Home for the Holidays? Not So Fast…
Flights delayed or canceled, passengers bumped, family celebrations missed—we’ve all heard the air travel horror stories. What recourse do you have if it happens to you? Well, that can depend on what caused the problem. Today’s WatchBlog takes a closer look at two issues that can cause unexpected “turbulence” in your air travel plans—information technology outages and denied boardings.
We apologize for the inconvenience
In recent years, some airlines have had well-publicized information technology outages. For example, in June 2018, American Airlines subsidiary PSA Airlines experienced an IT issue that led to the cancellation of about 3,000 flights over the following week.
The federal government does not track airline IT outages or their effects directly. Using multiple sources, we identified 34 IT outages from 2015 through 2017 affecting 11 of 12 selected airlines. About 85% of these outages resulted in flight delays or cancellations.
If you’re inconvenienced by IT outages, what rights do you have? Federal consumer protections don’t specifically address IT outages, but other protections may apply. For example, if an IT outage delays your plane on the tarmac, there are restrictions on how long the airline can keep you on the plane. If an outage cancels or significantly delays your flight, you are entitled to a refund if you request it, or you may receive a voucher for food or lodging—depending on the airline’s policies.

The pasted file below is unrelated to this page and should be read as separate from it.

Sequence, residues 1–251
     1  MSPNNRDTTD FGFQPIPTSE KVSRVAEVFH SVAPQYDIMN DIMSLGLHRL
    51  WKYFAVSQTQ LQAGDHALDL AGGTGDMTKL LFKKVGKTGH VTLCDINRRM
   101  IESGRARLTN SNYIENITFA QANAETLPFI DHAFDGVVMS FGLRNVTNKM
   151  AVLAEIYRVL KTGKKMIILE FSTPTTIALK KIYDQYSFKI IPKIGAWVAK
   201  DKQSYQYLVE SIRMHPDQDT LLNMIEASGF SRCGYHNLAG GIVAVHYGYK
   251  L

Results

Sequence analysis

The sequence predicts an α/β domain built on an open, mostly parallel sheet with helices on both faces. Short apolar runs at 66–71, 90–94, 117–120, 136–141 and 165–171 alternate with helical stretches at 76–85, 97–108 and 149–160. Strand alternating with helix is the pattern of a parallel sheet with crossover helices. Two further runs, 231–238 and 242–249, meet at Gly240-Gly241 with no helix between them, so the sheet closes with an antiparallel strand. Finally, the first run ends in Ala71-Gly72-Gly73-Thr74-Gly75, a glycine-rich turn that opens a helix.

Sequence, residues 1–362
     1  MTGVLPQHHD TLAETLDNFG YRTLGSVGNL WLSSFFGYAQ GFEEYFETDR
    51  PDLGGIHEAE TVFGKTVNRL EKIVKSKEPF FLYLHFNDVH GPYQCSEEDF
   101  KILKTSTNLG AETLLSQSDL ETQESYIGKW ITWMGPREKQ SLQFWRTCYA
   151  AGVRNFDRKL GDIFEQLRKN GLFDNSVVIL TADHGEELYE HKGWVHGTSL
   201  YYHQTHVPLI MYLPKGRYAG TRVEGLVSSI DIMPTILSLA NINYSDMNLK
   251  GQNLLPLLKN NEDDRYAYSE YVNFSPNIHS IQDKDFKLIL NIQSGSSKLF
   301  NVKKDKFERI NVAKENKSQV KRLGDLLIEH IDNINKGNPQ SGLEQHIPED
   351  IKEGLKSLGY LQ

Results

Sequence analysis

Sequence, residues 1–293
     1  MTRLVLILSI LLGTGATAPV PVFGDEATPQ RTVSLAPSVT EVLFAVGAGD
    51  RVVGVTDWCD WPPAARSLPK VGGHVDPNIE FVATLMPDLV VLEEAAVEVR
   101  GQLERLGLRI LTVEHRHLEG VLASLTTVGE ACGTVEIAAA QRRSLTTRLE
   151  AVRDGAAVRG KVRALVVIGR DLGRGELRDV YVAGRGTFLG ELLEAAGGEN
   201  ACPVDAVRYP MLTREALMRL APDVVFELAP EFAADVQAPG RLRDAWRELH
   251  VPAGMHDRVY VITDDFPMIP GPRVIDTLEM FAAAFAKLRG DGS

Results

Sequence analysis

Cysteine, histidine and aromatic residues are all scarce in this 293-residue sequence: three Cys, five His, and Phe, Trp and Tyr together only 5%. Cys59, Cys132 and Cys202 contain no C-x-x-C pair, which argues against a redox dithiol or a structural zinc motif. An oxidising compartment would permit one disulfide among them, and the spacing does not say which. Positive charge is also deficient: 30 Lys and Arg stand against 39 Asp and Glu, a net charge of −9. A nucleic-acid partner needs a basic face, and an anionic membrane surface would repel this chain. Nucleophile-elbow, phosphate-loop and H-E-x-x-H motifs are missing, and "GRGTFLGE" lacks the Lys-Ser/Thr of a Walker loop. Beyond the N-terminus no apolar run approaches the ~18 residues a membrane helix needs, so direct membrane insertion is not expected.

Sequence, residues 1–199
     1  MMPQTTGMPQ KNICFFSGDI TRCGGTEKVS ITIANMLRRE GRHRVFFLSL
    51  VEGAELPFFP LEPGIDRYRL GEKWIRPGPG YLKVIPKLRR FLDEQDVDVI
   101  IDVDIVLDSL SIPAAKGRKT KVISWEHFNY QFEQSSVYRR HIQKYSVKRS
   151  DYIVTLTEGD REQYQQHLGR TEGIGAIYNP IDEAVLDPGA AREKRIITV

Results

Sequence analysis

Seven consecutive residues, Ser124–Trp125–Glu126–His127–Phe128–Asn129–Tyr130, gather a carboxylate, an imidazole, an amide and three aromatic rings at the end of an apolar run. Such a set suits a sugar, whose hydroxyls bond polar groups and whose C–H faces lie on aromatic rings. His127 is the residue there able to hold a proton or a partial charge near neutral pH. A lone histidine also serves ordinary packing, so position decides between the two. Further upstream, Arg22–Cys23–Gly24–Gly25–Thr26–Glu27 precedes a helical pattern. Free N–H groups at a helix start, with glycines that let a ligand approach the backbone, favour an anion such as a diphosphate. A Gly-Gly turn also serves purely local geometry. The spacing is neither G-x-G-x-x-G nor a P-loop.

Ticket to ride?
Having a ticket isn’t a guarantee that you’ll be able to get on the plane. There are several reasons why airlines may deny boarding to a passenger:
- Overbooking: Airlines overbook flights to avoid losing money when passengers don’t show up for their flights. Passengers can get bumped when there are fewer no-shows than expected.
- Safety: An unruly or intoxicated passenger can be denied boarding to protect other passengers and crew.
- Operations or personnel needs: Airlines sometimes need to accommodate flight crews that need to get to different locations, or air marshals—who tend to book flights near departure times.
Airlines can ask you to volunteer to give up your seat in exchange for some benefit, such as a travel voucher.
But if there aren’t enough volunteers, you can still get bumped. What rights do you have if airlines don’t let you board? In some cases, federal consumer protections require airlines to compensate you.
The number of passengers denied boarding has generally decreased in recent years. Almost all of those were volunteers, but the few passengers who were bumped against their will may have experienced considerable inconvenience and expense.
The decrease in denied boardings could in part be the result of actions airlines have taken, such as:
- Reducing or eliminating overbookings
- Requesting volunteers early (e.g., at check-in)
- Increasing and diversifying compensation for volunteers
- Inviting passengers to propose acceptable compensation
That said, we hope you don’t have trouble getting home for the holidays after all.
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